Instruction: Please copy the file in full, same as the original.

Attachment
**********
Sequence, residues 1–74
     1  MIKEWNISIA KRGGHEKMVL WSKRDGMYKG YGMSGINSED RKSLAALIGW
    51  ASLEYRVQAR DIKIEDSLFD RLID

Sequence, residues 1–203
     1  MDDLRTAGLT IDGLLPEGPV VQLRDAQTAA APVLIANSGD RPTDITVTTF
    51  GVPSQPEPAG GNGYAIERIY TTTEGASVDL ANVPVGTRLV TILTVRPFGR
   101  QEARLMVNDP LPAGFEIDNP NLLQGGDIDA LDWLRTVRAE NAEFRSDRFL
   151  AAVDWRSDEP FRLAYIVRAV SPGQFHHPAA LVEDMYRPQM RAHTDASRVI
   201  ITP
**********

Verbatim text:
Sequence, residues 1–74
     1  MIKEWNISIA KRGGHEKMVL WSKRDGMYKG YGMSGINSED RKSLAALIGW
    51  ASLEYRVQAR DIKIEDSLFD RLID

Sequence, residues 1–203
     1  MDDLRTAGLT IDGLLPEGPV VQLRDAQTAA APVLIANSGD RPTDITVTTF
    51  GVPSQPEPAG GNGYAIERIY TTTEGASVDL ANVPVGTRLV TILTVRPFGR
   101  QEARLMVNDP LPAGFEIDNP NLLQGGDIDA LDWLRTVRAE NAEFRSDRFL
   151  AAVDWRSDEP FRLAYIVRAV SPGQFHHPAA LVEDMYRPQM RAHTDASRVI
   201  ITP